Leading voices from the UK pub and hospitality industry have branded vaccine passport entry plans as ‘unworkable and baseless’.
There have been suggestions that landlords may be required to check the vaccine status of patrons on entry, if they wish to operate without social distancing measures.
Leading figures within the British hospitality industry have lambasted any such suggestions, claiming that they are not only baseless in science, but unworkable in theory.
UKHopsitality chief executive, Kate Nicholls said: “It is simply unworkable, would cause conflict between staff and customers, and certainly result in breaches of equality rules.”
Whitehall sources has reportedly suggested that a ‘no vaccine, no entry’ policy in pubs may help drive jab uptake among younger generations, and enable sites to operate free of restrictions.
Boris Johnson failed to deny that plans were being considered when pressed in a commons committee
“I think that’s the kind of thing that may be up to the individual publicans, it may be up to the landlord.”
With the reopening of Brighton pubs – in an initial capacity – less than a month away, the fact that even the Prime Minister has no idea what may happen will give little comfort to those that would actually have to implement any measures – and ultimately deal with any fallout.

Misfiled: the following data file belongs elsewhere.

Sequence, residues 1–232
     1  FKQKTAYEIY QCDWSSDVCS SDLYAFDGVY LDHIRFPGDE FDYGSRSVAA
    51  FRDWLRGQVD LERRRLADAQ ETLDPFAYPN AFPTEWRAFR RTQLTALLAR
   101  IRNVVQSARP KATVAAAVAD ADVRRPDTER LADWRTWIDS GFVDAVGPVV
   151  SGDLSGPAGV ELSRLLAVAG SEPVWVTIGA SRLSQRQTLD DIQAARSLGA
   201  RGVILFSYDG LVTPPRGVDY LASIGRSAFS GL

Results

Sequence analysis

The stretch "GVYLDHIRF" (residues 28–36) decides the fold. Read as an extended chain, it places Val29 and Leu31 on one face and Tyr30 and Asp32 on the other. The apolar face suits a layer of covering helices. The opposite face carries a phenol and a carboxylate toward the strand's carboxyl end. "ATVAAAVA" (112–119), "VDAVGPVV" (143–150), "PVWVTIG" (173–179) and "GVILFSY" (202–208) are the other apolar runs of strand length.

What is telling, however, is the rejection of liability that government sources seem set on establishing early doors.
Throughout the pandemic the UK Government has seemed reticent to support the hospitality industry at best, and dead set on destroying it at worst. The slow processing of much-needed support payments has been a consistent theme, as has the apparent refusal to negotiate real, lasting, rent reliefs.
The latest vaccine passport suggestions are worryingly reminiscent of winter’s calamitous reduced-opening policies, in terms of liability dodging.
Through the substantial meal rulings, social distancing enforcement, and restrictions on household meetings, the government allowed pubs to open only in name. Whitehall then offered little assistance to those facing huge budgetary shortfalls from measures, or even those that could plainly not operate in such a way – once the government had declared pubs open, costs were placed firmly at the feet of landlords.
The vaccine passport scheme could well work in a similar way. If there was an abstract scenario where venues could open for full operations, then government officials could claim that any sites that don’t do so are fully liable for loss of earnings incurred.
If the issue was to progress in this way it would not only be awful, but it would be depressingly unsurprising.